Larry Wasslen: But the government didn’t keep its arms folded. It looked for ways to help.
JV: Yes. It started immediately to look for alternatives to mitigate the impact of the situation and, at the same time, to continue the implementation of the goals for the development of the economy. In July last year, the council of ministers approved a specific post-COVID economic-social strategy to boost the economy in the midst of the pandemic, and the main goals of this strategy were greater food security and sovereignty. This is I would say the number one priority for Cuba, how to guarantee food security and sovereignty to depend less on our foreign exchange and our foreign supplies. Cuba annually pays around $2 billion just in food, and some of those products we know that we can produce in Cuba. So now there is a priority to increase the agriculture and food production.
Another goal of this post-COVID strategy is to increase productivity in the main economic sectors. A third goal is how to increase exports and reduce imports. There is an offensive on the part of the government, sitting down with each enterprise to see how much more they can produce in order to export, because export is a much-needed source of income for Cuba.
Another goal is to diversify ways to obtain hard currency in Cuba. Another one was to implement monetary unification, and this is something that we started doing at the beginning of this year. In June, the idea is to finish collecting all the other currency that is still in the hands of the population and after that there will be only one currency, the Cuban Peso. Another goal is to protect and guarantee the basic services to the population in the conditions of the tightening US blockade and the COVID-19 pandemic. It’s like an emergency plan with a very clear idea about which are the main priorities for the economy while the pandemic still lasts.
MF: Is it appropriate to draw parallels between the conditions today and the Special Period in the early and the mid-1990s?
JV: The situation that Cuba is living through now doesn’t have anything to do with the Special Period. There are very big differences. In 1989/1990, when the Special Period was declared after the collapse of the socialist bloc and the Soviet Union, we didn’t have so much foreign investment. Cuba opened more to foreign investment for the first time in the mid-90s – it was designed in order to get out of the Special Period. In the mid-90s, foreign investment was seen as a complement for the development of the Cuban economy. Now, it is seen as an important key element for the development of the economy – we need foreign investment. There is a plan for development until 2030, and we need around $5 billion every year in foreign investment in order to reach the goals that we have set for 2030. So, this is an important change that didn’t exist in 1990; it exists now, so foreign investment is there and is a key component for the development of the Cuban economy.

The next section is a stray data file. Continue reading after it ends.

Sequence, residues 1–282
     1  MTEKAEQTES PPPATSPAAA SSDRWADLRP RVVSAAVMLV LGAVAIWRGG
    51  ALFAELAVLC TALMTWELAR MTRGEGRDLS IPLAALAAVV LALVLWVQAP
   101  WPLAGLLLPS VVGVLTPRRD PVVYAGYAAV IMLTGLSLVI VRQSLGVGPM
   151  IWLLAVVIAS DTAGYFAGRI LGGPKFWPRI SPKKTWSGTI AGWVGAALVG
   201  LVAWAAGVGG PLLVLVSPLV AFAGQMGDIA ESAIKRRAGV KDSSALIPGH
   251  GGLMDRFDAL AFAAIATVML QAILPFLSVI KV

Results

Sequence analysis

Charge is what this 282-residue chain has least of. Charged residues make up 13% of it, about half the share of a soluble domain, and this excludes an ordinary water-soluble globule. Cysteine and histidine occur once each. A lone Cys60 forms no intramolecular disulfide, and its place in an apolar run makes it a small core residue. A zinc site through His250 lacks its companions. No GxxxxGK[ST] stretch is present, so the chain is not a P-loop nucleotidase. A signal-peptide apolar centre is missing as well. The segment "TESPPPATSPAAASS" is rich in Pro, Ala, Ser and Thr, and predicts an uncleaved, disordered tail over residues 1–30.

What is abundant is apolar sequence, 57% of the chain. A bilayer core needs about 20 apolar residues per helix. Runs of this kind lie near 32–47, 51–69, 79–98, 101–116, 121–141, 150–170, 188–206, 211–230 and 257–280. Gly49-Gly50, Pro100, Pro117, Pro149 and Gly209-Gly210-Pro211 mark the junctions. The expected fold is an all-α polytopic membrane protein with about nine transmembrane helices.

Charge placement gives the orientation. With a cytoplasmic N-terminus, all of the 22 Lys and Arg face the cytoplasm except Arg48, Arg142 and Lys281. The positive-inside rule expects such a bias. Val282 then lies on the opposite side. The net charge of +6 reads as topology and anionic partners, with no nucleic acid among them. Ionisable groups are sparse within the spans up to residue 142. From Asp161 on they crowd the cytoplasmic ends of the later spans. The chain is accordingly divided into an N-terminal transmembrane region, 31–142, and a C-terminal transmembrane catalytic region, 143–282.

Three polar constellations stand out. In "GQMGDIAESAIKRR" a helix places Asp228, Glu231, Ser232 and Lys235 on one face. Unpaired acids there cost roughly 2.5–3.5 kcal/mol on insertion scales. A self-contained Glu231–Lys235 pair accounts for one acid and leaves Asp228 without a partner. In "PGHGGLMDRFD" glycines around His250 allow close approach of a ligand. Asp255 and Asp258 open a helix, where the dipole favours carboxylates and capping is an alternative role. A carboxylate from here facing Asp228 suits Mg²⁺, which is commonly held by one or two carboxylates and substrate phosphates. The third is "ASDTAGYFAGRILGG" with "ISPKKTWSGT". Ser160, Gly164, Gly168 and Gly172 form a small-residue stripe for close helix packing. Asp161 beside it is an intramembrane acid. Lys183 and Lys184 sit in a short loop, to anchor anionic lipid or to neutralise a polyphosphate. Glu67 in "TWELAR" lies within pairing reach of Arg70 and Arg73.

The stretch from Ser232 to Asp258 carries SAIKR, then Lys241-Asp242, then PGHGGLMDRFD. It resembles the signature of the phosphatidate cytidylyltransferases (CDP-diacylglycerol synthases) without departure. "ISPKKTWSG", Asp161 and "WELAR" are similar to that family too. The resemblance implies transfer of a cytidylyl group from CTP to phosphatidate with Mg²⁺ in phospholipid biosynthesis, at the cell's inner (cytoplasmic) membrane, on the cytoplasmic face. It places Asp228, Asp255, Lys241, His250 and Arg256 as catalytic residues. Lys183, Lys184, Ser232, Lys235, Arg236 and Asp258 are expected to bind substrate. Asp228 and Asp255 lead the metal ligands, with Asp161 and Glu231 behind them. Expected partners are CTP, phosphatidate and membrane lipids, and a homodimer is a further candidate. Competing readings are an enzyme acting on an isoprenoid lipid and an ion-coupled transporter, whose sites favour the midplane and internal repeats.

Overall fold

In 1990, we didn’t have a developed tourism industry. We started developing that in the early 90s and in the mid-90s we expanded. So, that is an enormous difference between the Special Period and now.
In the 90s we were at the beginning of developing the biopharmaceutical sector. At that time, it was not such an important source of income for Cuba. Now it is a very important sector for our economy. You have the example now of the medicines and treatments that we have been developing to treat people with COVID-19 and at the same time the development of five vaccines we have already started using.
So, those are examples of things that did not exist in the 90s and exist today. That’s why, in spite of the fact that we have several problems in our economy — due to the US, the pandemic, and internal/domestic problems that we haven’t been able to fix —we recognized in the Party Congress that the Cuban economy has shown a capacity of resistance in the middle of this very complex and difficult situation. In spite of the shortages of food, people are not hungry. In spite of the shortages of some medical supplies, people are well taken care [of] in Cuba. And in spite of the economic problems, there haven’t been any blackouts.
We had problems in the Special Period with gas supply for the population, and I remember days in which we couldn’t cook in a normal way. That has not happened at all in this year and a half.
So categorically I can say that this is not a new Special Period for Cuba.